For summer weekends, I like meals that are easy and expandable in case friends ask to bring a guest. I also like weekend food that makes good leftovers, in case of cancellations that happen, too.
Grilling makes filling the center of the plate easy, especially serving turkey burgers or kebabs. I can add fillers to either of them to accommodate a growing head-count—blending some cooked quinoa into the burgers, along with chopped spinach, or threading more tomatoes and mushrooms between the chicken chunks for kebabs.
For side dishes, I focus on make-aheads, usually tabbouleh and some kind of slaw. Both are good made even two days ahead and are colorful. They work with nearly any main dishes and bring lots of vegetables and, with tabbouleh, some whole-grain to a meal, as well. Read more… “The Sauce That Makes Summer Grilled Foods Sing”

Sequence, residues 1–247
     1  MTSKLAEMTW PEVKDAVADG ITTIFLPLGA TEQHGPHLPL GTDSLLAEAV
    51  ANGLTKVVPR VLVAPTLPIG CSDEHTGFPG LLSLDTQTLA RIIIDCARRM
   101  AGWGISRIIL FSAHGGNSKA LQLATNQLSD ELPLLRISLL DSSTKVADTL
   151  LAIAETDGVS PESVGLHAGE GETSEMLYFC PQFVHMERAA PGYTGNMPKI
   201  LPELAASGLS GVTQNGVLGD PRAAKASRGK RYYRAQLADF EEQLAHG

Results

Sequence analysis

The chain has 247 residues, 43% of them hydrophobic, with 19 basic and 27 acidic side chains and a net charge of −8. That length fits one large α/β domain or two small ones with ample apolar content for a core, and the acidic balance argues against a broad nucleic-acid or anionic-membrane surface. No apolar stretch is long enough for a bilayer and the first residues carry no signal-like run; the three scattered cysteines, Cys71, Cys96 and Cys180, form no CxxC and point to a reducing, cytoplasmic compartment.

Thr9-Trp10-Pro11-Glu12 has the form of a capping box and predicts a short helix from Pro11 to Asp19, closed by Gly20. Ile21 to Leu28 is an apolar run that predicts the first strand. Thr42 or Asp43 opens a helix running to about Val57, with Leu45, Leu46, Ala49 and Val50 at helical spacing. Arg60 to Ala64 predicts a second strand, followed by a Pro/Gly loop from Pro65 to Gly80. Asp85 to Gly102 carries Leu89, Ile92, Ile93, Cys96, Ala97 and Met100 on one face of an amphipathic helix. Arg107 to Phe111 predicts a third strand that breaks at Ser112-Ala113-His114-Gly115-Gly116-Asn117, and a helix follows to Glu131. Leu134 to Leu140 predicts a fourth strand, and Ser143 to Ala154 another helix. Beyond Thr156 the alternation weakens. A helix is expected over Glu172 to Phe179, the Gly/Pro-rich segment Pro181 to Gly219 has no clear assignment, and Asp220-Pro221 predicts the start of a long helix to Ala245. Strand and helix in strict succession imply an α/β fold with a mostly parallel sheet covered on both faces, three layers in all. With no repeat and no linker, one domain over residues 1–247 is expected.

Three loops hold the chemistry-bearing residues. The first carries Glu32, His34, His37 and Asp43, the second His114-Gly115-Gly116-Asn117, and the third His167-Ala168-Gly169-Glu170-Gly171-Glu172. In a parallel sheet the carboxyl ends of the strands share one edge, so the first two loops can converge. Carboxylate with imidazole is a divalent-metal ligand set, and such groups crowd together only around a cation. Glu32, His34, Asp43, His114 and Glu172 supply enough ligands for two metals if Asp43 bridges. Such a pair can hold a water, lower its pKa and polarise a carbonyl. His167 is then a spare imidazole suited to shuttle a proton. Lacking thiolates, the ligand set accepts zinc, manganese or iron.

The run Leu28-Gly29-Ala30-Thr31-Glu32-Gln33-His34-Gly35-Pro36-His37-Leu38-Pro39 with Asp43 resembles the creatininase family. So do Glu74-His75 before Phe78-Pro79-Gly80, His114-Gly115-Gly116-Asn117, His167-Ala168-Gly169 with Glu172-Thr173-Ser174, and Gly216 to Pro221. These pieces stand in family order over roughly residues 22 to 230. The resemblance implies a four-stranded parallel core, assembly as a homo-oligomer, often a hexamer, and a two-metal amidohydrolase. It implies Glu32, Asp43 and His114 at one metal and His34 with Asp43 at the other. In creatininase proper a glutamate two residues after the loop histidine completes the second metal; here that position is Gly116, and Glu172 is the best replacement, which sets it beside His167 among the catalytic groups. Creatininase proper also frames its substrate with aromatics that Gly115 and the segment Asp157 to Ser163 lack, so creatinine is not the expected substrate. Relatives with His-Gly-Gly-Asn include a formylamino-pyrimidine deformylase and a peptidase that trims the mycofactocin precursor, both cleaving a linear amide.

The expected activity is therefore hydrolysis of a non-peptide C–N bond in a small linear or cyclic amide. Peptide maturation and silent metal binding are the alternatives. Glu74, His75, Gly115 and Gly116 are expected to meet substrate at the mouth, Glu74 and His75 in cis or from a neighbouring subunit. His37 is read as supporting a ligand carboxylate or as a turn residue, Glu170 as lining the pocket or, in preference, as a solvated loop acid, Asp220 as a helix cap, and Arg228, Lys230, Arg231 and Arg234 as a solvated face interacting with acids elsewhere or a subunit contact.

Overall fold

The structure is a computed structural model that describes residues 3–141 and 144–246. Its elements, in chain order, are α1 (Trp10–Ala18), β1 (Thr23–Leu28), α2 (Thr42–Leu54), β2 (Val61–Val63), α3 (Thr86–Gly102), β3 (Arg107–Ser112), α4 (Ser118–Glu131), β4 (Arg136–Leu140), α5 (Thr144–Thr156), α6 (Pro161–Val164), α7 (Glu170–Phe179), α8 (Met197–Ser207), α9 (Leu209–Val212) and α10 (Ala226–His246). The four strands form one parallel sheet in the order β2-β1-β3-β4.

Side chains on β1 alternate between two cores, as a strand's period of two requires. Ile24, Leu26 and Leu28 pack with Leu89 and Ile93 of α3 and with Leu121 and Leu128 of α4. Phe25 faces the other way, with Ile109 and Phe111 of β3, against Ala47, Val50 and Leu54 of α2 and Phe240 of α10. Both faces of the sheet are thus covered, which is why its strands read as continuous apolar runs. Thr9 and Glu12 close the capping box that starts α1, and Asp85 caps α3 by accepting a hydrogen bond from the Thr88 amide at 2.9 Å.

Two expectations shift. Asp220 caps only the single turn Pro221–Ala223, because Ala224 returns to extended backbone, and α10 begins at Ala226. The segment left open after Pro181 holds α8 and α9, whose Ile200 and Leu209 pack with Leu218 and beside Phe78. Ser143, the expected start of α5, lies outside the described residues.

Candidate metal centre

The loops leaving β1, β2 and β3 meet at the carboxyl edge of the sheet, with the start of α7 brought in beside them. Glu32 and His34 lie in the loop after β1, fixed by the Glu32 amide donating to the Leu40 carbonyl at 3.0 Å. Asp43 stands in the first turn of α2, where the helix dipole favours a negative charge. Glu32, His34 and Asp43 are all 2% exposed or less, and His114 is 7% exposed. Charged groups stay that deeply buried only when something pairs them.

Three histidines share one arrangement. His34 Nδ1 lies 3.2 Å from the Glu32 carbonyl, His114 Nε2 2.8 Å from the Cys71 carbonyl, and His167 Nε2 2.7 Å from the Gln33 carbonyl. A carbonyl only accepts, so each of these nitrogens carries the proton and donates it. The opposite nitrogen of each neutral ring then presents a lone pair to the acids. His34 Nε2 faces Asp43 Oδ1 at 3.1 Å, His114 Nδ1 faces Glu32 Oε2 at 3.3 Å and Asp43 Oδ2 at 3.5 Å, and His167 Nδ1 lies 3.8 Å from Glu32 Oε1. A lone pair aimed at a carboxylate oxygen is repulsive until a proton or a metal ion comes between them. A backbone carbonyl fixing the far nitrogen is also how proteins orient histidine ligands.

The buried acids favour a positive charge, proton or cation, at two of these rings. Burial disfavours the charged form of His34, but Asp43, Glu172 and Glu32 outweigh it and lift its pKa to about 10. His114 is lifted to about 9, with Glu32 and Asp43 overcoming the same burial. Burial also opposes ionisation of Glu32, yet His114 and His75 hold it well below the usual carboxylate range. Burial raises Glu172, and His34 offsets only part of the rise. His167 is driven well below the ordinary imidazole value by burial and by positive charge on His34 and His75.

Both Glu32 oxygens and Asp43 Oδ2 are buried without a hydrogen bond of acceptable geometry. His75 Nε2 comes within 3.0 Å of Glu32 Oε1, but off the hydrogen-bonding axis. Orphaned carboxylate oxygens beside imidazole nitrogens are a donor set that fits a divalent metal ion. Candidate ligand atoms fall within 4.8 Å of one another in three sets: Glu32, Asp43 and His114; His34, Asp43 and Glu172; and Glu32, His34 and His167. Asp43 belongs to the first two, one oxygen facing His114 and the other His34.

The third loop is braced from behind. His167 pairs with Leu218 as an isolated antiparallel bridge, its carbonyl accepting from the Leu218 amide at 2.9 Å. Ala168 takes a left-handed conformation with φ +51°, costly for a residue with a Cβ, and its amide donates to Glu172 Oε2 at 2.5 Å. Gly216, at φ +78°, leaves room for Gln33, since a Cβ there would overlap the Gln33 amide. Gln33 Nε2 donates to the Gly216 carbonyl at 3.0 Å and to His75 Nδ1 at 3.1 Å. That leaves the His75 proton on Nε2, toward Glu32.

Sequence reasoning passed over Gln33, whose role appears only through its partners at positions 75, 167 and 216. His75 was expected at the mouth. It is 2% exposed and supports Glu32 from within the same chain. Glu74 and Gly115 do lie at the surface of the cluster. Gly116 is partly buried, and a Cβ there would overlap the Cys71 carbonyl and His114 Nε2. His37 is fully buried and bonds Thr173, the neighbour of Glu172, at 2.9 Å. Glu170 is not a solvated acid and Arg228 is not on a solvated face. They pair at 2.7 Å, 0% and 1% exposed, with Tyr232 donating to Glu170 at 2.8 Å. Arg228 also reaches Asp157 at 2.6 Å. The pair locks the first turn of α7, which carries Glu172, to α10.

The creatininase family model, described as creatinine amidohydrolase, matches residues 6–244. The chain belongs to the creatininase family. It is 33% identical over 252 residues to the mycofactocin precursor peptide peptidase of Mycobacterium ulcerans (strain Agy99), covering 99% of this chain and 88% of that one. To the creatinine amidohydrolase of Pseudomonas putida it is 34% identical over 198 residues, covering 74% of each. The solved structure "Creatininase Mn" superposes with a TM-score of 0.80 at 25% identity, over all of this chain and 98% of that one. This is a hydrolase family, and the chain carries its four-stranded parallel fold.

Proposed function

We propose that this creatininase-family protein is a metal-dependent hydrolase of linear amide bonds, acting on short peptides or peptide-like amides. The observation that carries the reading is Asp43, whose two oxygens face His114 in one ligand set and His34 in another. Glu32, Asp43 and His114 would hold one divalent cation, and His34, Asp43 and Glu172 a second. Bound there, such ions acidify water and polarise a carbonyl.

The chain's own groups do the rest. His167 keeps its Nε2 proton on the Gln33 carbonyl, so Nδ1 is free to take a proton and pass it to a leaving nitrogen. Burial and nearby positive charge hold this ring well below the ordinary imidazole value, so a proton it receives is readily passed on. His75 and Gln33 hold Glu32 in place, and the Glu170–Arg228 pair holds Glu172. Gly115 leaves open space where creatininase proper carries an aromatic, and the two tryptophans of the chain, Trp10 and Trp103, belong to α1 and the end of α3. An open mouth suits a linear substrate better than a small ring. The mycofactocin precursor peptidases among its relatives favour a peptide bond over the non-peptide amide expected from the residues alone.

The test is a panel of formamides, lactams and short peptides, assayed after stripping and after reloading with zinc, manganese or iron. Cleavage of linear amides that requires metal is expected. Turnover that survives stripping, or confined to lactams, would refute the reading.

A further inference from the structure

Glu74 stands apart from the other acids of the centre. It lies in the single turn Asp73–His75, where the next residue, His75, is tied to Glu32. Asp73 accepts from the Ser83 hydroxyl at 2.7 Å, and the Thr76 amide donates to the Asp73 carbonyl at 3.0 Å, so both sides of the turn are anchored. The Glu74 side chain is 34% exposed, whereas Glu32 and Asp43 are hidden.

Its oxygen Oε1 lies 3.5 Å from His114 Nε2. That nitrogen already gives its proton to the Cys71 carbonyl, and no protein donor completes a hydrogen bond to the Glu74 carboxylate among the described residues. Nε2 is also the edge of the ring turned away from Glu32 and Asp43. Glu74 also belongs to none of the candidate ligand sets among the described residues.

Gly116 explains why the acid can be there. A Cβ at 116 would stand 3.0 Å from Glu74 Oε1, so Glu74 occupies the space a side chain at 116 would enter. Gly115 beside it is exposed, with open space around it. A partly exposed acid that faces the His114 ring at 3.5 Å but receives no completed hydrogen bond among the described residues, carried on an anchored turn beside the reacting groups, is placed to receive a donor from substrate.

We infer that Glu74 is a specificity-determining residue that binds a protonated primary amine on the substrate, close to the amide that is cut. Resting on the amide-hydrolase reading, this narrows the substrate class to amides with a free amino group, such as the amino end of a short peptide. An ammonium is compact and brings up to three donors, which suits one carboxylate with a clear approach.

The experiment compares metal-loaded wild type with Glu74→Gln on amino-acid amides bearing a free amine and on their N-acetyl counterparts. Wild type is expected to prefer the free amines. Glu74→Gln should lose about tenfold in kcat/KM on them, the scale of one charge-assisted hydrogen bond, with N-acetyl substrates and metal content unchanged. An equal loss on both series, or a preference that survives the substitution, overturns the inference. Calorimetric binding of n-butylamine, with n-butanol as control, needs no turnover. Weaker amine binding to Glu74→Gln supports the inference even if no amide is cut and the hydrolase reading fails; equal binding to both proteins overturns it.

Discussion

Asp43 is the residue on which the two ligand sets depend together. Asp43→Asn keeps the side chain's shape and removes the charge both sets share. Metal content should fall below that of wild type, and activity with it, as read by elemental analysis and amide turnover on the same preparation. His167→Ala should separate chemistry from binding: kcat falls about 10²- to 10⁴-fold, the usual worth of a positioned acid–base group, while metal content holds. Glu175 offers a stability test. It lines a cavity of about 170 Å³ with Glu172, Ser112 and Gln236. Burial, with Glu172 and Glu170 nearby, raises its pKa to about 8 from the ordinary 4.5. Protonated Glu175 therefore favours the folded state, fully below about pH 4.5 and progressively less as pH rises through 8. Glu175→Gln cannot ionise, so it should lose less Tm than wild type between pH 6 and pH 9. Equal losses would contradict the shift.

Days are long and bright but around me, the gardens still need time to produce the vine-ripe tomatoes bursting with sun-warmed juice that I crave. If you, too, live along the East Coast, and anywhere heading west that sits north of the Mason-Dixon line, you probably share the feeling.
Happily, we already have an abundance of tender lettuces; crisp, young cucumbers; and young spring onions. So until local tomatoes are ready, I am enjoying arguably the best green salads of the year. All I want to add for dinner is pasta that feels like summer even when I cannot top it with a glorious sauce made from those longed-for tomatoes.
Nachos are great comfort food. Think about it. Along with melted cheese and a bliss-inducing combination of carbs, the fiesta of Tex-Mex flavors and joyful blend of juicy salsa, creamy avocado, and tangy sour cream these Nachos Grandes deliver makes eating even my nutritionally sensible version feel like sinful, joyful indulgence.
What makes these fully loaded super nachos seem sinful, as well, even though they are nutritionally reasonable? Let’s build them together while I share my secrets.